Egyptians Remain Optimistic, Embrace Democracy and Religion in Political Life
Chapter 3. Attitudes Toward Democracy
As their country grapples with a difficult political transition, Egyptians continue to believe democracy is the best form of government and most trust it more than a strong leader to solve the nation’s problems. Moreover, Egyptians not only value democracy in a general sense – they also value specific features of a democratic society. For instance, solid majorities say it is very important to live in a country with a fair judiciary, a free media, and freedom of speech. Still, the economy also remains a top priority, and Egyptians are almost equally divided over whether a good democracy or a strong economy is more important for their country.
Democracy Is a Priority, But So Is Economy
Two-thirds of Egyptians believe democracy is preferable to any other type of government. Just 19% say in some circumstances, a non-democratic form of government may be preferable, while 13% say that, for someone like them, it does not matter what kind of government Egypt has.
This is basically unchanged from last year, when 71% said democracy was the best form of government. Confidence in democracy is somewhat higher now than in 2010, when six-in-ten Egyptians said it was preferable to other political systems.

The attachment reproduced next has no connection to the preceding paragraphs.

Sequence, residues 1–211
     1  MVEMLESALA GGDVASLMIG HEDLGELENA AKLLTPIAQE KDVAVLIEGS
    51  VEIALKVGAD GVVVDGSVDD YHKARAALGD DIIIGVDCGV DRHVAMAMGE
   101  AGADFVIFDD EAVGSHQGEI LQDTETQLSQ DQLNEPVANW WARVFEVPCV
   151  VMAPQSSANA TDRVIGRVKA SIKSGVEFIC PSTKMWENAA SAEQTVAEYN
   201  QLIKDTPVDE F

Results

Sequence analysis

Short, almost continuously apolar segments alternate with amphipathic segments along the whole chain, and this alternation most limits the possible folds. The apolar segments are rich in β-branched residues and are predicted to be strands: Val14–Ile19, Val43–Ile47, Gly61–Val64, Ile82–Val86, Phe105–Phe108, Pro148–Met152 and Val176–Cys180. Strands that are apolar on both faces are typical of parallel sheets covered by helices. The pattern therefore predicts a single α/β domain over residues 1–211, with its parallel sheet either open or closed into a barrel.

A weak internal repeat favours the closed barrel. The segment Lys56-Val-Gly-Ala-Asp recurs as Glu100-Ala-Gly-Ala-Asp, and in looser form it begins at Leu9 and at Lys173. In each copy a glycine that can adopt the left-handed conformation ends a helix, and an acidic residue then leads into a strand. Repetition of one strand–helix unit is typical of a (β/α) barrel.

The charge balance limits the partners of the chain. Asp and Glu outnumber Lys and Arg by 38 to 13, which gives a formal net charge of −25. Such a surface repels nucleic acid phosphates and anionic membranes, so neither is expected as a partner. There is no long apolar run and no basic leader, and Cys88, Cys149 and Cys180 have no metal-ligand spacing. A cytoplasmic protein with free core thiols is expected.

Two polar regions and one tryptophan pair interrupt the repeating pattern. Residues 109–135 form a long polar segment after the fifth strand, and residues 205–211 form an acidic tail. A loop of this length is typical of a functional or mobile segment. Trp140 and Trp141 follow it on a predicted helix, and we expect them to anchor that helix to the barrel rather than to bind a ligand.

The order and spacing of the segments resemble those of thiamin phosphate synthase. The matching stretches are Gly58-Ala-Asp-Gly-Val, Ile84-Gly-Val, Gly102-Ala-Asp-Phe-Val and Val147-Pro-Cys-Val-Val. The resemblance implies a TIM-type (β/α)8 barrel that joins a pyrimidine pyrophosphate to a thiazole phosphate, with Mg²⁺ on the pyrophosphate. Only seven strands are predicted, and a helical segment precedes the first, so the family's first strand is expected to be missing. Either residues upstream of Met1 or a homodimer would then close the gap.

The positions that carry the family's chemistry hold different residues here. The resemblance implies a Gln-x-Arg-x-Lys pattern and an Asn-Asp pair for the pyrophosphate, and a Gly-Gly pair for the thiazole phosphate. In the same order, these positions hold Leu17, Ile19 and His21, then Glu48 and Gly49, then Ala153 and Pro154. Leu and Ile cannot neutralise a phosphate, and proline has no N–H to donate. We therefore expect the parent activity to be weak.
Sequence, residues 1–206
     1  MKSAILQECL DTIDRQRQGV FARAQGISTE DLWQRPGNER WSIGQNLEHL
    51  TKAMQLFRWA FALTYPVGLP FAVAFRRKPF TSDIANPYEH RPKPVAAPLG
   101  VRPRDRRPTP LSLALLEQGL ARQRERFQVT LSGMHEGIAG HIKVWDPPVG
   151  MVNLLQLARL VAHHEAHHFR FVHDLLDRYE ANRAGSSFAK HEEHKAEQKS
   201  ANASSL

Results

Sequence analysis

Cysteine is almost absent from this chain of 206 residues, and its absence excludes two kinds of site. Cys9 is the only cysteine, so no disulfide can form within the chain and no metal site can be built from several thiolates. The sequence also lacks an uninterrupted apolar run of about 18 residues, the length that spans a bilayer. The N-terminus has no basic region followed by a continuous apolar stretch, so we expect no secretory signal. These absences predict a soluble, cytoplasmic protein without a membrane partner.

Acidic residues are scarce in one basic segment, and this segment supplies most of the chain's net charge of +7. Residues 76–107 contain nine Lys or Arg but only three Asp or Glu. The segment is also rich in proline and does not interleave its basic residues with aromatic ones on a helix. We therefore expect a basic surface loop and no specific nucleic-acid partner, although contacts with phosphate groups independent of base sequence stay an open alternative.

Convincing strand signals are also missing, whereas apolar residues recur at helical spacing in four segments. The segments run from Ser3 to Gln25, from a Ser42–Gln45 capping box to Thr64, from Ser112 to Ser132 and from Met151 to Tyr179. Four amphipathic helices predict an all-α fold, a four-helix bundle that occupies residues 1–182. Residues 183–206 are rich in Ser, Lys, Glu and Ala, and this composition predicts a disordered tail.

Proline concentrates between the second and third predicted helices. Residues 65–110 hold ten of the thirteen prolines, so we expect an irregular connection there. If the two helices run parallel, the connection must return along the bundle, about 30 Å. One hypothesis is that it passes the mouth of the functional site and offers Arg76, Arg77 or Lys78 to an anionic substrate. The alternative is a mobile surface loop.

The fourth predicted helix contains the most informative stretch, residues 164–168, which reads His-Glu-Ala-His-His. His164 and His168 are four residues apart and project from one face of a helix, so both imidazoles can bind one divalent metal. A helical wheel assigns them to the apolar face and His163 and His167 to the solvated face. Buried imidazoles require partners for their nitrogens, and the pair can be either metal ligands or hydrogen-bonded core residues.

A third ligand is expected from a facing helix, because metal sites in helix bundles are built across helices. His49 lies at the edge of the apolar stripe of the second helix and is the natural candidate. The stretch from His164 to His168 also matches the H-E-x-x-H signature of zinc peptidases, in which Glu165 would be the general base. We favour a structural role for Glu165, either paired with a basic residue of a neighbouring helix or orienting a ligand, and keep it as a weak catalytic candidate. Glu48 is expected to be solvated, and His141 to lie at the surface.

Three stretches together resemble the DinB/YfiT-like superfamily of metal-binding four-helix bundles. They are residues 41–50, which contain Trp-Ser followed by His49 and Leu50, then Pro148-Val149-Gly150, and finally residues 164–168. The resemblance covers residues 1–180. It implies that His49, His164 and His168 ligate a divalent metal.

Most continue to believe a democratic government, rather than a strong leader, is best equipped to deal with the country’s problems. Roughly six-in-ten (61%) hold this view, similar to last year’s 64%, but significantly higher than the 50% registered in 2007.
Opinions are divided, however, when Egyptians are asked to choose between democracy and the economy. About half (48%) say a good democracy is more important and about half (49%) say a strong economy should be the priority. Results on this question were almost exactly the same one year ago.
Most Value Specific Democratic Rights, Institutions
Egyptians believe many key features of democracy are crucial to their country’s future. Roughly eight-in-ten (81%) say it is very important to live in a country with a fair judicial system, and solid majorities rate a free press (62%), free speech (60%), and honest multiparty elections (58%) as very important.
Other key democratic rights and institutions, while considered at least somewhat important by a majority of Egyptians, do not register as top priorities. In particular, only 24% say that having a military that is under control of civilian leaders is very important. Less than half say that equal rights for women (41%), religious freedom for minorities (38%), and uncensored internet access (35%) are very important.
And while most Egyptians value democracy, it is clear that the economy and social order also rank as high priorities. About eight-in-ten (81%) believe improved economic conditions are very important and 60% say this about law and order.